It’s a safe bet that as time passes, the number of things you can additively manufacture and the ways in which you can do so will keep growing. One increasingly promising area is in the field of biofabrication.

After graduating as a materials engineer in the early 2000s and spending a decade working with newer production technologies such as 3D printing in the manufacturing industry, David Forrestal sought a career change and headed back to university for a PhD in tissue engineering. He graduated with a doctorate in 2019, developing new systems and methods for seeding living cells in 3D-printed bioresorbable polymer scaffolds – culturing cells and keeping them alive so a patient’s body can use them to restore tissue.

Nowadays, Forrestal is an Advanced Biomedical Engineer at Herston Biofabrication Institute, a multidisciplinary institute at Royal Brisbane and Women’s Hospital (RBWH) which officially opened in February. It focuses on 3D scanning, 3D modelling and 3D printing of medical devices, bone, cartilage and human tissue. It has programs based around orthopaedics; burns, skin & wounds; vascular & endovascular surgery; urology; cancer care; craniofacial; and anaesthesia & intensive care.

“We’re an institute, but we’re directly in the health system, with Queensland Health,” explains Forrestal, who says the work is about clinical impact rather than blue sky scientific projects. “We have an affiliation with the University of Queensland, but are focused on bringing new developments in biofabrication to benefit patients directly.”

Among its facilities, Herston has a tissue culture lab, mechanical workshop, scanning and visualisation equipment, and a bank of various kinds of 3D printers. Current projects range from “low-risk, ready-to-go now work”, such as anatomic models for surgical preparation on complicated fractures, to “more futuristic regenerative medicine techniques” involving organoids (lab-grown tissue grown from stem cells that is able to perform some of the functions of a full organ, which is therefore interesting for drug development and testing.)

“From 3D printed surgical models to custom surgical guides to place drill-holes,” adds Forrestal. “And custom 3D-printed devices to change the shape of a radiation beam to dose a tumour more effectively, in a more focussed way, with fewer side effects. A workflow is currently set up for that.”

As with most facilities with a collection of printers, each of Herston’s machines plays a different role.  While not appropriate for biocompatible devices, their continuous fibre composite printer, for example, has great potential with external devices, such as splints and prosthetics, where a patient’s body has to be held in a certain way to help restore mechanical function.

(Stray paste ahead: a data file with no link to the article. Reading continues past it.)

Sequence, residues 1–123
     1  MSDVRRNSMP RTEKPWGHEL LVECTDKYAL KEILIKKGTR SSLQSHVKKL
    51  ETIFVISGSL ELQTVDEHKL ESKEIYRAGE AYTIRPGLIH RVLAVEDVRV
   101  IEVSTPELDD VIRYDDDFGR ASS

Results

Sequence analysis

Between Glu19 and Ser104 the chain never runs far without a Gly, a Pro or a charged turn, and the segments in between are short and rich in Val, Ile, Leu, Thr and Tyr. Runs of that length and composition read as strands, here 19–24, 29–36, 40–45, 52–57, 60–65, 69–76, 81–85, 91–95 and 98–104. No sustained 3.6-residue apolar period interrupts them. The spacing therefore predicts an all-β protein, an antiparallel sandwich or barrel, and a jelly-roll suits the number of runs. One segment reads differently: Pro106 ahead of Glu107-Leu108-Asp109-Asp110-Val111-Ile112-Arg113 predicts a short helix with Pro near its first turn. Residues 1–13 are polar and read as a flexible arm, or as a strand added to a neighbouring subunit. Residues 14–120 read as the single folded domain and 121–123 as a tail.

“The reason it’s so good is you’ve got other techniques, but none of them really match up to the stiffness and strength you get with the Markforged, especially when you’ve got the reinforcing fibre,” Forrestal explains. “It can bridge a gap between making a much more complex, assembled device with lots of metal reinforcement or even having to go and CNC something. That’s really the niche I see for that within our organisation.”

The ‘horses for courses’ nature of 3D printing –an umbrella term for an array of technology families that are each themselves quite broad – can get missed by non-users. Throughout his work, Forrestal has used 3D printing for everything from tissue regeneration research to prototyping as a product design engineer at a major plumbing company.

In a quirk of his academic career, his most-cited paper is on melt extrusion 3D printing with chocolate, based on a group project for a science expo. He and a student designed a heated jacket that could accommodate large-diameter syringes, with open-source slicing software, control software and an XYZ stage.

“It was just a controlled way of pushing material out of a syringe in a robotically controlled pattern and then keeping it at the right temperature,” he recalls. “You could actually use that same printer as a bioprinter. You can mix in a hydrogel with live cells and you could do your bioprinting.”

Since its beginnings in the 1980s, 3D printing has burgeoned, and both the number of solutions it offers and its overall market size have expanded handsomely. Even during 2020, the global industry grew 7.5% to be worth US$12.8bn. Average growth for the decade has been 27.4% annually.

As for emerging additive manufacturing technologies, Forrestal says he sees great promise for volumetric 3D printing to impact his work as a bioengineer. Volumetric methods use a rotating vat of photopolymer resin, cured at many different angles by a light source. The engineering challenges are multi-faceted – including in chemistry, software and mechatronics – but the potential for high-speed jobs is vast.

“That’s a really exciting development in bioprinting, because it means you can print these structures with living cells in them, and you don’t have a problem where you’re printing a whole day, while you’ve got to keep all the cells viable and fed with nutrients,” says Forrestal. “I think you’ll be seeing that 3D printing method in all sorts of different areas over the next 10 years or so.”